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  Changing the Business Model for Legal Services

Author: Richard Stock - CCCA Magazine, Vol 4, No 2 (Summer 2010)

Adapted from: The 2009-2010 Lexpert/CCCA Corporate Counsel Directory and Yearbook, pg 95

Law departments are under increased pressure to reduce their operating costs even when the company is doing well financially. The response is to focus on the easiest target - the cost of external counsel, and the first reflex is to focus on hourly rates.

Very few law firms with more than 50 lawyers derive more than 10 per cent of their revenues from a single client year after year. And that is not because companies are spreading their work around. A recent Canadian survey shows that 55 per cent of companies use only 1 or 2 firms for 80 per cent of their work and another 36.5 per cent use only three to five firms. More than 90 per cent of companies rely on a handful of firms.

We know that rates are not a factor in the selection of a law firm, that 60 per cent of companies do not have written terms of engagement with their primary firms and that no more than 60 per cent of companies plan to review their working arrangements with their law firms in the next two years. This is hardly a movement towards across-the-board cost reduction by companies and conveys a mixed message to law firms.

The cost of services does not factor into the selection of law firms and in the assignment of work between firms. This only tends to be addressed after the work has begun or after it is completed. That makes it difficult to successfully challenge the hourly-based model of pricing legal services - now 45 years old - and annual rate increases in the face of increased demand and difficult economic times.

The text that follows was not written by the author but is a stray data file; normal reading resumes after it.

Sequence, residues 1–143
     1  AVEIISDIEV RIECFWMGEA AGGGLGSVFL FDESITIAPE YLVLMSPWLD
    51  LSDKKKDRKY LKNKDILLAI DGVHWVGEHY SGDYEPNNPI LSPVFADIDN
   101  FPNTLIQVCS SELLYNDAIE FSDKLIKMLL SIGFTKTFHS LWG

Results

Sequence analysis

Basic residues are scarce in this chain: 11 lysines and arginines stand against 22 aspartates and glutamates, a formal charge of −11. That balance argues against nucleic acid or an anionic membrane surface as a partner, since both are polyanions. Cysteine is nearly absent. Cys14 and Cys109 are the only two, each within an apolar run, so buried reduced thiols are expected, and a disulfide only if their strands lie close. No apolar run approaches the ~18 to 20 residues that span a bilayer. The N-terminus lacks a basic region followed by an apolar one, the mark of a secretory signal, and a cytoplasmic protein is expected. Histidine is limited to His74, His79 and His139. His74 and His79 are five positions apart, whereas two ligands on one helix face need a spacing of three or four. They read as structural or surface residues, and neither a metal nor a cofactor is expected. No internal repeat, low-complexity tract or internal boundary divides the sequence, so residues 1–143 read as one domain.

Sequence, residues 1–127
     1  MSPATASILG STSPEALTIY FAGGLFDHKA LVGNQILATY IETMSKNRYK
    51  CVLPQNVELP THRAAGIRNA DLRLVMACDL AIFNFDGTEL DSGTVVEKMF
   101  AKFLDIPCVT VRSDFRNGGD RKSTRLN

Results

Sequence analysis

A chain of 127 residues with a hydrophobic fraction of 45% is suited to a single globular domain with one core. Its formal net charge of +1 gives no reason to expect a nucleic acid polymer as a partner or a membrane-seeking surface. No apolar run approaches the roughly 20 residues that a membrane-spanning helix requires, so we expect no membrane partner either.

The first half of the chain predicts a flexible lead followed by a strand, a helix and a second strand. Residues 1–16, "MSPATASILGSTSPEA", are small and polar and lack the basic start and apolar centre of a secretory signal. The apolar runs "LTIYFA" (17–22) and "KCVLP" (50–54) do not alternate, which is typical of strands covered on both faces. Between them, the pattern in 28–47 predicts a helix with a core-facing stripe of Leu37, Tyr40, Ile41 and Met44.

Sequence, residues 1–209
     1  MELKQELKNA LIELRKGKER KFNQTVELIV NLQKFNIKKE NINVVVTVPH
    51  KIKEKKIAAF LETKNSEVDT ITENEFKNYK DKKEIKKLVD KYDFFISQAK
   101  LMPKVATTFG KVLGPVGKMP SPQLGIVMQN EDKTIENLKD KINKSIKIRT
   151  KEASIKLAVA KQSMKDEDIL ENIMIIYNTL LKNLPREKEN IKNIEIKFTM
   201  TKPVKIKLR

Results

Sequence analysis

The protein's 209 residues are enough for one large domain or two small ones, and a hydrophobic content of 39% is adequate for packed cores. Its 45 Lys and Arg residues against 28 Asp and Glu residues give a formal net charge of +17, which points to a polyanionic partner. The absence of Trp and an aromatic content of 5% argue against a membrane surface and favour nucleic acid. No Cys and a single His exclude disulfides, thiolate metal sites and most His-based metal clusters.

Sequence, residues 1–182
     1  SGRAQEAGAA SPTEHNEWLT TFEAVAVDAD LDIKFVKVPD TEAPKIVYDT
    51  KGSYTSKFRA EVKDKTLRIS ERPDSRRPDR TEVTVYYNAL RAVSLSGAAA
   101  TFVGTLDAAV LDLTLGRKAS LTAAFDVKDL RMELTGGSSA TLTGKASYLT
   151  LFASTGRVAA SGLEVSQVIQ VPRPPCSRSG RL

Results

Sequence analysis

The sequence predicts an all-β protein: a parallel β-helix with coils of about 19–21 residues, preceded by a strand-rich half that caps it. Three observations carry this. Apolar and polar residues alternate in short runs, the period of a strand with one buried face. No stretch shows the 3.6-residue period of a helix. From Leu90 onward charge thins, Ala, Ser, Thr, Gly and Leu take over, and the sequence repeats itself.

It is time for law department leaders to conduct a reality check on their efforts to mitigate the cost of legal services. Consider the following:

  • only 32 per cent of law departments have run a formal procurement process to select their law firms. Fewer than half of these will run a similar process to renew agreements within 5 years;

  • for the most part, law departments do not know how many hours of legal work they have purchased by category of legal work in the last 3 years. They do not forecast their demand using the number of hours by legal specialty and they do not rely on gradations in complexity of legal work for planning and management purposes;

  • there are no recognized "optimal" staffing configurations for law firms to use for given categories of work and certainly none are discussed with their law firms. Everything is free form. Corporate Counsel Associations could do much to fill this void;

  • only 60 per cent of law departments negotiate discounts on fees, and 40 per cent pay full retail;

  • only 30 per cent use matter budgeting and require detailed fee estimates by matter from their law firms;

  • only 31 per cent have agreed-upon service levels; and

  • 28 per cent use non-hourly billing some of the time ( that percentage is increasing rapidly, but fully 90 per cent of the legal work is still billed on a variation of the hourly rate.

It takes time and some money for a law department to do all the right things to manage the costs of legal services. Many law departments do not believe that the pain will be worth the gain. Others are very concerned that procurement processes, project / matter management practices, and discussions about rates are antithetical to relationship-based, collegial legal services. Still others are too busy to make the time. For the most part, the available tools and processes are too unfamiliar for law departments to use. General Counsel then default to traditional arrangements with their primary firms